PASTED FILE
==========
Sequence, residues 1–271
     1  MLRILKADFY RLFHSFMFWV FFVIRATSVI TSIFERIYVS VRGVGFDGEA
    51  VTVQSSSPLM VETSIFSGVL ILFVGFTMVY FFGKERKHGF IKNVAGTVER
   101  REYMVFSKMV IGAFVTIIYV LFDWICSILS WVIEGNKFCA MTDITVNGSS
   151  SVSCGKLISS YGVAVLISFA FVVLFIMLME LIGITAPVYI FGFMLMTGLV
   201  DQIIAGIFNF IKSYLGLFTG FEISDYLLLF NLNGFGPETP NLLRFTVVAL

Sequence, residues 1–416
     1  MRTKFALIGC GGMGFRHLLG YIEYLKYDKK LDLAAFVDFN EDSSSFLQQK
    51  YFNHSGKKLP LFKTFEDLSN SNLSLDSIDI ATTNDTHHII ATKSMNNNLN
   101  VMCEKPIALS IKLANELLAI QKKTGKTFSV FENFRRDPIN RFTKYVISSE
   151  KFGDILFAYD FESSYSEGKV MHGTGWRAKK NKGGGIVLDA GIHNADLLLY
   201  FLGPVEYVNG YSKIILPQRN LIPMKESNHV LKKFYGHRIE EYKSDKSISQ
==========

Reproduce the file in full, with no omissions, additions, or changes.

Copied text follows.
Sequence, residues 1–271
     1  MLRILKADFY RLFHSFMFWV FFVIRATSVI TSIFERIYVS VRGVGFDGEA
    51  VTVQSSSPLM VETSIFSGVL ILFVGFTMVY FFGKERKHGF IKNVAGTVER
   101  REYMVFSKMV IGAFVTIIYV LFDWICSILS WVIEGNKFCA MTDITVNGSS
   151  SVSCGKLISS YGVAVLISFA FVVLFIMLME LIGITAPVYI FGFMLMTGLV
   201  DQIIAGIFNF IKSYLGLFTG FEISDYLLLF NLNGFGPETP NLLRFTVVAL

Sequence, residues 1–416
     1  MRTKFALIGC GGMGFRHLLG YIEYLKYDKK LDLAAFVDFN EDSSSFLQQK
    51  YFNHSGKKLP LFKTFEDLSN SNLSLDSIDI ATTNDTHHII ATKSMNNNLN
   101  VMCEKPIALS IKLANELLAI QKKTGKTFSV FENFRRDPIN RFTKYVISSE
   151  KFGDILFAYD FESSYSEGKV MHGTGWRAKK NKGGGIVLDA GIHNADLLLY
   201  FLGPVEYVNG YSKIILPQRN LIPMKESNHV LKKFYGHRIE EYKSDKSISQ